Iran blocks Merkel's flight en route to India

Iran has not said why it denied German Chancellor Merkel's plane entry to Iranian airspace, although relations between the two have deteriorated over Iran's nuclear program and EU sanctions.

By , Correspondent

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    German Chancellor Angela Merkel talks with India's Prime Minister Manmohan Singh during a photo opportunity ahead of their meeting at Hyderabad House in New Delhi, India, on May 31. Iran temporarily withdrew flyover rights on Tuesday for a plane carrying Merkel to India, forcing it to circle over Turkey for almost two hours before restoring the rights.
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"Coordination problems" delayed German Chancellor Angela Merkel's arrival in India for a trade visit when Iran refused her plane entry into Iranian airspace for two hours while it was en route to India (see route).

The plane was forced to wait over Turkey until it eventually received permission to pass through Iran, which has not given a reason for the refusal.

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The Iranian ambassador to Germany was summoned to the German foreign ministry to explain his country's "disrespect towards Germany which we cannot accept," said German Foreign Minister Guido Westerwelle, German newspaper Der Spiegel reports.

German-Iranian relations have been tense for the past few years because of German criticism of Iran's nuclear program, and recent events have upped the tension. In April, Germany abandoned its opposition to European Union sanctions on an Iranian bank based in Hamburg that was a "financial lifeline" to the country's nuclear program, and in October 2010, Iran detained two German journalists, holding them until this February.

Through this, the countries trade relations have remained strong. In 2010, Germany was the third-largest exporter to Iran with total exports worth $5.5 billion. However, some German companies – including Siemens and ThyssenKrupp – have stopped doing business with Iran, Der Spiegel reports.

While the main focus of Ms. Merkel's visit is trade – Germany is India's largest European trading partner and the two conducted $21 billion worth of business in 2010 – another important topic is security.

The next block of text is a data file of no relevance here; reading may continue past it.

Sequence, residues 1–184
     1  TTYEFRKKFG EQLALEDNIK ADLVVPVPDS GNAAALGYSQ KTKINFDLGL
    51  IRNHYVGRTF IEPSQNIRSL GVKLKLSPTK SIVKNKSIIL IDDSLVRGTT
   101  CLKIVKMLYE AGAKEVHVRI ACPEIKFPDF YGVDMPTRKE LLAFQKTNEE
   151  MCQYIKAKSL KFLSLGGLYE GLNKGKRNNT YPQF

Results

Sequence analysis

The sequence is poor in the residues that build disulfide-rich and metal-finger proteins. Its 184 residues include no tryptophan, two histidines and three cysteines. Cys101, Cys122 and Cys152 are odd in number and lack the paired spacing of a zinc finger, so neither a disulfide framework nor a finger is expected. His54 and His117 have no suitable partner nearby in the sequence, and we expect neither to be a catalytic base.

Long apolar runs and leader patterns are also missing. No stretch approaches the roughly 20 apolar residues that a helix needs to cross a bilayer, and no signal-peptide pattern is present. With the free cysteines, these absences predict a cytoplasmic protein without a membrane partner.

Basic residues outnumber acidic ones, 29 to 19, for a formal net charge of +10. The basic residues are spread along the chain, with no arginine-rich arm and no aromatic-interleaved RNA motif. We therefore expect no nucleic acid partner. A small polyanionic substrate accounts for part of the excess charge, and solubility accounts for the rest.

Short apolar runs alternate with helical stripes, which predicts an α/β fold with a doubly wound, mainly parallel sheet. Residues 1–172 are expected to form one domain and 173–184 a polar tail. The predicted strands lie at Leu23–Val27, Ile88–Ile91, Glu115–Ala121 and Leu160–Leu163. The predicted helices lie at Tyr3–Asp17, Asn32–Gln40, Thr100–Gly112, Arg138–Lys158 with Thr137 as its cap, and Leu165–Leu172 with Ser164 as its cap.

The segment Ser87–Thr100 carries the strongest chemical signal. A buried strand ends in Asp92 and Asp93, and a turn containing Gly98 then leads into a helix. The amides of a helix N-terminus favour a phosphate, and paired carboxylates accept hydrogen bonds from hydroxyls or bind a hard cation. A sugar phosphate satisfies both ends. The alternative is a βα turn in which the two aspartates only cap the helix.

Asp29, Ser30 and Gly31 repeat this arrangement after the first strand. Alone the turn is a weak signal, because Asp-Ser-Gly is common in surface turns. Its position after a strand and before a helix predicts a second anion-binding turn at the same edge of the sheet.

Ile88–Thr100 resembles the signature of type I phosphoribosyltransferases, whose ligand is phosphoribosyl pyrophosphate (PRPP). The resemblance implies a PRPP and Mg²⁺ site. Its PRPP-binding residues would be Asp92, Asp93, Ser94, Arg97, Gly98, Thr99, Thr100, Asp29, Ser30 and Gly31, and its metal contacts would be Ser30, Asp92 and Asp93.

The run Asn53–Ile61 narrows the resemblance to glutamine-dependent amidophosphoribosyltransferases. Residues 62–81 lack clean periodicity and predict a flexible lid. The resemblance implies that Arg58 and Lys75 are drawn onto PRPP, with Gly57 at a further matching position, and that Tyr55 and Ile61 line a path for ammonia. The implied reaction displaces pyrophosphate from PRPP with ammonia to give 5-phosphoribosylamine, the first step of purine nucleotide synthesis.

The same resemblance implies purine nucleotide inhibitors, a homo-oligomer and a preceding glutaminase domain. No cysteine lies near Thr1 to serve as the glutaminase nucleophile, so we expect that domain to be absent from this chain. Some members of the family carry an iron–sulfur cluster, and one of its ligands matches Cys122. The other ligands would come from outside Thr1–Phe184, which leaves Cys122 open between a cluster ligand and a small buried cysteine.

In a preview to Merkel's visit, Indian newspaper The Hindu reports that issues on the agenda will include a German plan for economic assistance to Pakistan in order to bolster the military's ability to fight militants in the country's tribal regions – a plan India opposes.

Afghanistan also figured into talks. Germany is reducing its number of troops on the ground and is seeking the involvement of other countries in the region as it begins its pullout, according to The Hindu.

At a government meeting in New Delhi Tuesday, Indian Prime Minister Manmohan Singh said that terrorism would have to be "fought on all fronts and not selectively," The Times of India reports. The comment was likely an allusion to the US relationship with Pakistan – despite substantial economic assistance from the US for counterterrorism efforts, India and many other countries charge that Pakistan is not doing enough to confront militants.

India and Pakistan's rivalry is a tense one that has spurred nuclear weapon development in both countries, intended as a deterrent – or eventual defense – to each other.

The two countries also discussed United Nations Security Council membership, according to The Hindu. Neither are permanent members of the council (Currently, it is only the US, Britain, China, Russia, and France) and both Merkel and Singh said that they hope UN reforms will change membership "to reflect the contemporary reality of the world" – meaning permanent seats for the two, who have gained international influence in recent years.

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